hugely popular, but remained the preserve of kids and adolescents. A watershed moment came in the 1970s when Will Eisner designed and published an illustrated series of interlinking stories involving the residents of a poor Jewish suburb of New York; the book was called A Contract with God and showed, arguably for the first time, that the picture-driven format could be used to tackle adult issues with popular aplomb. Eisner coined the phrase ‘graphic novel’ to distinguish this more serious form of pictorial literature from children’s comic books. Where Eisner led, others followed, and soon an array of serious graphic literature began to flow from Europe and the US. The writer and artist almost universally acknowledged as having permanently changed the image of graphic novels is Art Spiegelman. His autobiographical graphic novel, Maus, was released in several forms
Eisner coined the phrase ‘graphic novel’ to distinguish this more serious form of pictorial literature from children’s comic books...
NEW EDITION, JUNE 2013
between 1978 and 1991 and stunned audiences when in 1992 it won the Pulitzer Prize. At last this evocative and powerful format was being recognised by the upper echelons of the literary elite as a legitimate vehicle for exceptional storytelling. So what’s behind the recent resurgence of graphic novels in both niche and mainstream literature? Director of comic and graphic novel publishers Soaring Penguin Press, John Anderson believes that their continuing maturity has certainly helped. “Comics were initially a juvenile medium, but as time passed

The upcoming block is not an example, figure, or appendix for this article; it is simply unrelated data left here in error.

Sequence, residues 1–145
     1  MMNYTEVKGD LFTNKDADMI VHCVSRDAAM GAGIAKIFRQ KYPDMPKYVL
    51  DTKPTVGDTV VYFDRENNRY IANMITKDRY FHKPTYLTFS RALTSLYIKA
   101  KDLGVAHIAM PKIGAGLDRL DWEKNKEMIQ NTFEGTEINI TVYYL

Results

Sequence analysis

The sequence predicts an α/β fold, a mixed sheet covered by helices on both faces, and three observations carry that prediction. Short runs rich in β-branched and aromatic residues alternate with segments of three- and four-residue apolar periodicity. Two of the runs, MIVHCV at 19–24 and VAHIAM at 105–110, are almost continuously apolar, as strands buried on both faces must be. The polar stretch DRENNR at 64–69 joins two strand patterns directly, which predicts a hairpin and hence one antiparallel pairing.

and more people became aware of the medium, it occurred to storytellers as a viable method of storytelling… and as comics have started to mature, making the stories more appealing to a wider audience.” The popularity of graphic novels, and their acceptance into the mainstream, has coincided with a larger output from authors and illustrators, and subsequently publishers. The greater circulation of graphic literature in libraries has also contributed to their ascent; when renowned authors like Neil Gaiman began exploring the world of graphic novels – promoting the medium in 2002 at an American Library Association meeting, along with Art Spiegelman –